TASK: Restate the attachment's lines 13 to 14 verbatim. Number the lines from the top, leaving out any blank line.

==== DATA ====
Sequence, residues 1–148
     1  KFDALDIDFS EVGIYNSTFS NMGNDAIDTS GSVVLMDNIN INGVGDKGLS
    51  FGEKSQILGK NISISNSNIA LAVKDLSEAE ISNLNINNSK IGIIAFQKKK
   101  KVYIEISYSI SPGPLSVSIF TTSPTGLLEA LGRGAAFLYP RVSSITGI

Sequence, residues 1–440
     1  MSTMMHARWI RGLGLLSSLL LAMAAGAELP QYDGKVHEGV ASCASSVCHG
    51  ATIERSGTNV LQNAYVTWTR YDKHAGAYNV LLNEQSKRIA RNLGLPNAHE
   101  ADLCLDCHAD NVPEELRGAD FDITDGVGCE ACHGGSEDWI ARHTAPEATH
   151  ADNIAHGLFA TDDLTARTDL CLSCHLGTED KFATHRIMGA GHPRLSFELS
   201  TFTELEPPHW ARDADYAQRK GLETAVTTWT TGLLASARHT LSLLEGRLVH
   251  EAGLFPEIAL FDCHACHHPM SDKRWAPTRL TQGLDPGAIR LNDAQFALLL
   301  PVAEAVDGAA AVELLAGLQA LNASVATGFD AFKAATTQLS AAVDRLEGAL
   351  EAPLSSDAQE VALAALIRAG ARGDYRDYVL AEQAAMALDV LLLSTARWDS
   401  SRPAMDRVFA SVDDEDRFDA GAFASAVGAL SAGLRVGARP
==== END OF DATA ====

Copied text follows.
   351  EAPLSSDAQE VALAALIRAG ARGDYRDYVL AEQAAMALDV LLLSTARWDS
   401  SRPAMDRVFA SVDDEDRFDA GAFASAVGAL SAGLRVGARP